This is a precursor of police state.

In countries like Nepal, there will be a big black market. We recently heard news about Passports being sold by government officials. There will be big black market on erasing personal information in ID cards or getting duplicate ID cards and there will be politicians who will be trading ID cards like they did for citizenship certificates.

I think we should try our best to limit the government away from our personal lives and property. Government is a parasite that lives on labor of citizen through taxes and inflation. Big government is big parasite because it needs to more money for funding by the people. Big government will provide more power to the corrupt politicians who will be dreaming for more power at the cost of individual freedom.

Prosperity comes from civil liberty, free market, sound monetary system and personal liberty.

I ask question to every one: "In the entire history of human race, can any one cite any example that shows government has invented or discovered any thing, any politicians ?

Inventions, discoveries and development comes from private sectors or individual.  

The main problem with Nepal is big government  and this ID card system is one more step towards big government, red tape and waste of money.

3. Privacy Network India
It is quite surprising that Nepal leaders should point to India, Pakistan and Bangladesh countries as examples to follow, insofar as national identity cards are concerned. In these countries, police detection processes are rapidly giving way to untrained and incomplete reliance on technology, no matter whether the latter is tried and tested, or not.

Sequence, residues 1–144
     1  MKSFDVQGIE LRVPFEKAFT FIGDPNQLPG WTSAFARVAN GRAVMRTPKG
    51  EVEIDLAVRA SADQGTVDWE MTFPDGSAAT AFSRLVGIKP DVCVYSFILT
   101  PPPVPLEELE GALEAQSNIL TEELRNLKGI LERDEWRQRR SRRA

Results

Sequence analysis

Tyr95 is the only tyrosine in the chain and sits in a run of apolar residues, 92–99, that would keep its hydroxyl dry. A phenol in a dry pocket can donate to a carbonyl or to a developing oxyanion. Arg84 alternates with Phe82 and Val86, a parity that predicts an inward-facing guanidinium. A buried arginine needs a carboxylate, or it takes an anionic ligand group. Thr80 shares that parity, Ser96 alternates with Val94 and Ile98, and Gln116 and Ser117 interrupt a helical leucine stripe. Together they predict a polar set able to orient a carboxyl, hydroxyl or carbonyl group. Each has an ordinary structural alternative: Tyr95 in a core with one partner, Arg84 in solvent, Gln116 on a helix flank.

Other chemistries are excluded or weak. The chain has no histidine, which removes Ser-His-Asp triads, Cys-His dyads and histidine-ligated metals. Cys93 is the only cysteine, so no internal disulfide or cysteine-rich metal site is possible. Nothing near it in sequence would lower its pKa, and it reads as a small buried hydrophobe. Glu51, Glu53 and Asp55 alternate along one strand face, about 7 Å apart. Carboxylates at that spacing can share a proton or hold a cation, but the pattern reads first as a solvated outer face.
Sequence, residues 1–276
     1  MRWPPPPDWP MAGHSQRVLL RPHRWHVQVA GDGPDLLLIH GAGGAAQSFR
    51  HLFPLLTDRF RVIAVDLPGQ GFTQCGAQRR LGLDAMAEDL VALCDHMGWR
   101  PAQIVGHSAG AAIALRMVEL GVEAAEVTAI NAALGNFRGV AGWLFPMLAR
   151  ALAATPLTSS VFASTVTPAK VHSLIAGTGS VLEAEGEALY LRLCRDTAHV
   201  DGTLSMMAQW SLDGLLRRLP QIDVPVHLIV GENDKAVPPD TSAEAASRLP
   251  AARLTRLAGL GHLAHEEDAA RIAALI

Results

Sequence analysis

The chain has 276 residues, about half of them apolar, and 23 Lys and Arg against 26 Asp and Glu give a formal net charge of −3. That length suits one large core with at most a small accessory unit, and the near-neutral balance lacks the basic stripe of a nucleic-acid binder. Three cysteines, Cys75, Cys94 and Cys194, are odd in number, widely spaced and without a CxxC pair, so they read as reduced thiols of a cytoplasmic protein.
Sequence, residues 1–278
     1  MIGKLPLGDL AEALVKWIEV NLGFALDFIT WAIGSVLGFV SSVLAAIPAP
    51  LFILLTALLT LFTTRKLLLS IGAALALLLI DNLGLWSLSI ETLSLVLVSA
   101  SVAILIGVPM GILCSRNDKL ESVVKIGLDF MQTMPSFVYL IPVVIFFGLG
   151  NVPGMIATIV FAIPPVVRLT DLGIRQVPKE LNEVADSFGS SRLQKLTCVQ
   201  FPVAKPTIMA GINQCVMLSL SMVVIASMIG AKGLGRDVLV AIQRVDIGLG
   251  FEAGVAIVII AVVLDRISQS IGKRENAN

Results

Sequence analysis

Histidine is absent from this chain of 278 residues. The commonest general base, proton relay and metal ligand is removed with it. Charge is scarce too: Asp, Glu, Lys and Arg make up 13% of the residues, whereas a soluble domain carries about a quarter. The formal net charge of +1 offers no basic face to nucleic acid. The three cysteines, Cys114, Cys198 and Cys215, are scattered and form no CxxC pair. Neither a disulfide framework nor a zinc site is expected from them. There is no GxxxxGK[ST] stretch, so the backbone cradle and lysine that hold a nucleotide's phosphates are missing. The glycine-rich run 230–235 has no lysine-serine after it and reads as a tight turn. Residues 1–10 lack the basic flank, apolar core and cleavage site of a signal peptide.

In India, for instance, the police are charged with providing identity support to passport applicants. Unfortunately, even major police stations are not equipped with computers and data communications (they do, however, have telephones, and every policeman sports a cellphone, some of which are quite fancy), so the procedure is unwieldy and prone to failure. 

In crime detection, the situation is similar. Without data communications, there is absolutely no value to 'national fingerprint' databases and other invasive and intrusive biometrically bottomless money pits. It is always possible to find some policeman or the other who will laud some new technology, but ask the same person to chalk out a program (with costs and timelines) for deployment, and listen hard to the silence. 

Ask a technologist (Mr Nilekani, the head of India's UID authority, is one such) and you will hear a rapidly spoken reply. On translation, it boils down to the fact that each and every department hoping to make use of the UID will have to pay for its own (so far not even guesstimated) implementation programs - an easy (if definitely shady) way to invoke a giant project quickly without approaching the Finance Ministry for a budget, or indeed any public debate at all. Such giant projects carry the charming American name of boondoggle, which certainly gives a clean sound to a very dirty practice.

4. jange
How about getting a constitution first?

5. Privacy Nepal

ID card's main objective is to make survelienve eacy for the government. As there will be all the information of the ID holder is in the Card. It may contain photo, finger print, faull name, parents name, Serial No, Date of Birth, Address, issue date, religion, ses, physical characteristic, banking details, driving license ETC. ETC and will contain Magnetic Stripe or bar code.

It is probably good to have multi function ID card but the social cost it too great. Data storage and protection is the huge concern. And the access to data is also a big concern. Very litle is done on preparation of introducing ID card in Nepal but one thing is sure that the Privacy of the people of Nepal should not be at risk at any cost.

(11 JAN 2013 - 17 JAN 2013)